The Financial Services Authority (FSA) has won its first criminal conviction for boiler room fraud.
David Mason has been sentenced to two years in prison and disqualified from being a director for six years after being found guilty of the practice, the regulator announced.
The business man was found guilty on 13 counts of undertaking regulated activity without permission, three of money laundering and one of making misleading statements.
Tracey McDermott, acting director of enforcement and financial crime at the FSA, said: “This prosecution must be seen as part of the development of our strategy in the fight against the major menace to the public posed by boiler rooms. Mason was at the heart of a sophisticated boiler room scam and without his involvement the deals could not have been completed and the proceeds laundered.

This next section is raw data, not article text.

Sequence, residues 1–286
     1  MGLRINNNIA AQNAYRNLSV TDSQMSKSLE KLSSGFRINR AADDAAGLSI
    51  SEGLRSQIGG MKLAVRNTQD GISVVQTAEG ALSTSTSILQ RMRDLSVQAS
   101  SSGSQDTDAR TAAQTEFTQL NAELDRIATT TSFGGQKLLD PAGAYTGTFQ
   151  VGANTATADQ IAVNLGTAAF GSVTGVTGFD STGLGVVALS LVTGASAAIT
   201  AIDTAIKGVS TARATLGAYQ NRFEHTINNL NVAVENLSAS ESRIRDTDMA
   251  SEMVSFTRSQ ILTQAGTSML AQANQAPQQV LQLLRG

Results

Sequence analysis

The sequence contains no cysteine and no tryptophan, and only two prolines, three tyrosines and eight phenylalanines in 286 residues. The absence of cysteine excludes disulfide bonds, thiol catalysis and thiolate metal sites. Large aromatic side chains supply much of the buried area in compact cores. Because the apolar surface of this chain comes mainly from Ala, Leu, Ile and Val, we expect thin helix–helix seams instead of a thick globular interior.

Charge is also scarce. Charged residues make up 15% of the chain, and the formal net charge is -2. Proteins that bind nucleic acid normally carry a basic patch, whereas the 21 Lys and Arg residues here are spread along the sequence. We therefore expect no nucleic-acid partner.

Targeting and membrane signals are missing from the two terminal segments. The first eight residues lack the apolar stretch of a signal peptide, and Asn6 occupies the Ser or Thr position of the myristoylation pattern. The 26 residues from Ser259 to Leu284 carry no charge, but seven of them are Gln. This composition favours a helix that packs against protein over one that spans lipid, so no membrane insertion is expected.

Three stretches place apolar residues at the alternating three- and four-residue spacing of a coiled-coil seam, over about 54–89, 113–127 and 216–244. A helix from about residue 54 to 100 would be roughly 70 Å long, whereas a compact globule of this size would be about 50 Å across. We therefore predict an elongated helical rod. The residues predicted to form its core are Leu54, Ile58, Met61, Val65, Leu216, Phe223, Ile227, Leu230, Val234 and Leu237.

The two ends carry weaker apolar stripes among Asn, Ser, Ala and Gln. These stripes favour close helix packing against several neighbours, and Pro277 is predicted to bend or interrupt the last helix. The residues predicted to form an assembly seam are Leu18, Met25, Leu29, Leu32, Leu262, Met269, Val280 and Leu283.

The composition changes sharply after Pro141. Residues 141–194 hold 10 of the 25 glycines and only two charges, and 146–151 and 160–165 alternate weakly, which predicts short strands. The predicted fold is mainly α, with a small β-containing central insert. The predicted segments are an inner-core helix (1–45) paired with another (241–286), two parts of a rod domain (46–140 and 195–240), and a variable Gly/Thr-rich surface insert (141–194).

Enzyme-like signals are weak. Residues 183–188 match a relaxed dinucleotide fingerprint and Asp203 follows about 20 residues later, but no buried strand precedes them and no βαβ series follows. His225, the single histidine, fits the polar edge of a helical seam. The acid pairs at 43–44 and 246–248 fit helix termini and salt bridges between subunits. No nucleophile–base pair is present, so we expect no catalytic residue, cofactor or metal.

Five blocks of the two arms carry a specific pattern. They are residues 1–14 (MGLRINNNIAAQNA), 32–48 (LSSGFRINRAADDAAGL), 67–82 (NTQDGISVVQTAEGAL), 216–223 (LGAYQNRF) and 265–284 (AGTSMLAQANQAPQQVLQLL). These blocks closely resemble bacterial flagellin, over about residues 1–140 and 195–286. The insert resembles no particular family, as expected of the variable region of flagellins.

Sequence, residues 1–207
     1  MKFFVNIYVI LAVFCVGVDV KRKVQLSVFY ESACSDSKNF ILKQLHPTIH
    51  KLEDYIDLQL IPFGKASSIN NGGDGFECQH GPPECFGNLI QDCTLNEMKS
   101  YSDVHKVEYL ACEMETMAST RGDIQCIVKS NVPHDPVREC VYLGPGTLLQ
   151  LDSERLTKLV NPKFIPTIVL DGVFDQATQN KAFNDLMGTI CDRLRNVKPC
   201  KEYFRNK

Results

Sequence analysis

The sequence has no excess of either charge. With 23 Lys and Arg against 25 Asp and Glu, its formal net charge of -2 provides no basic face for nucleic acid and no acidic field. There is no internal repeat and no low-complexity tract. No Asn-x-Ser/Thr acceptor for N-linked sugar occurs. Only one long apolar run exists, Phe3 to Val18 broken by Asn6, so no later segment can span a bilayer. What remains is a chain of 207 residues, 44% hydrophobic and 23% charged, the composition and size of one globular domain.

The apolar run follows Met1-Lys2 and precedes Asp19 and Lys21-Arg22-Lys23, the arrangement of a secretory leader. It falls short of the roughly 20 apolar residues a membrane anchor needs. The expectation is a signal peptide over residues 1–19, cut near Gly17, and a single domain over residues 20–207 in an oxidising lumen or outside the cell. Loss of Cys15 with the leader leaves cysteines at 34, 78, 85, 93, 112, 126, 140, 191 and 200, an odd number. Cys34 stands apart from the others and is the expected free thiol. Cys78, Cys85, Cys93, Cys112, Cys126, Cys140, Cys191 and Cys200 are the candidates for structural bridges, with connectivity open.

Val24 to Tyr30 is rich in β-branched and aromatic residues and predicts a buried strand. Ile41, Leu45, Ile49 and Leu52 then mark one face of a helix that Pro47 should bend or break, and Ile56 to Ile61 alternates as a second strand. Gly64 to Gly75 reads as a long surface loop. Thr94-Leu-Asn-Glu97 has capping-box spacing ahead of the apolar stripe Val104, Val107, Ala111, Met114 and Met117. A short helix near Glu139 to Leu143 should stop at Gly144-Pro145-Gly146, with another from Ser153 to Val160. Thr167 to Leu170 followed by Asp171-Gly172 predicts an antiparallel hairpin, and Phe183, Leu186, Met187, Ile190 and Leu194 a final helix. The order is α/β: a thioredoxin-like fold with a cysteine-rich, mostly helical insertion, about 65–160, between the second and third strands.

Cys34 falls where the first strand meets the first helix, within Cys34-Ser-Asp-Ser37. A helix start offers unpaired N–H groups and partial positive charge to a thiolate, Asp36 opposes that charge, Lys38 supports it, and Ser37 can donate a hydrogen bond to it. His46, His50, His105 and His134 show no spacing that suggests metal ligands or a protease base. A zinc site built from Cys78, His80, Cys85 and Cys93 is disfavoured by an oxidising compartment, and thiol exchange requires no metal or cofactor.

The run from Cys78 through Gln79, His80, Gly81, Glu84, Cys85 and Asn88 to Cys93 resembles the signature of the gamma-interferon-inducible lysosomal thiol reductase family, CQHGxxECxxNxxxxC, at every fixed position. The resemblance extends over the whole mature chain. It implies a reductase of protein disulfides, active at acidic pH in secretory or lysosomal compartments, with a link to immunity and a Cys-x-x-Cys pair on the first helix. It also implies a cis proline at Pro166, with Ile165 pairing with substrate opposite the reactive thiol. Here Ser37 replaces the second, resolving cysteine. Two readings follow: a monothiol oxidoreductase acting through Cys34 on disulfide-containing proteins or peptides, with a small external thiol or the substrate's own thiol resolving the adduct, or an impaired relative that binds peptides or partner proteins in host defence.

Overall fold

“Like all boiler room fraudsters, Mason was dishonest and posed a very serious threat to honest investors.”
Boiler room fraud involves fake companies cold-calling investors and selling them shares in non-existent firms.
Mason was found to have managed the selling of £270,000 worth of fraudulent shares in EduVest - certificates for the shares were never issued and the firm was not listed on the PLUS stock exchange as originally promised.
David Sinclair at Axiom Capital was also fined £68,000 for "unwittingly" allowing Mason to launder money through a bank account under his control.
By Jim Ottewill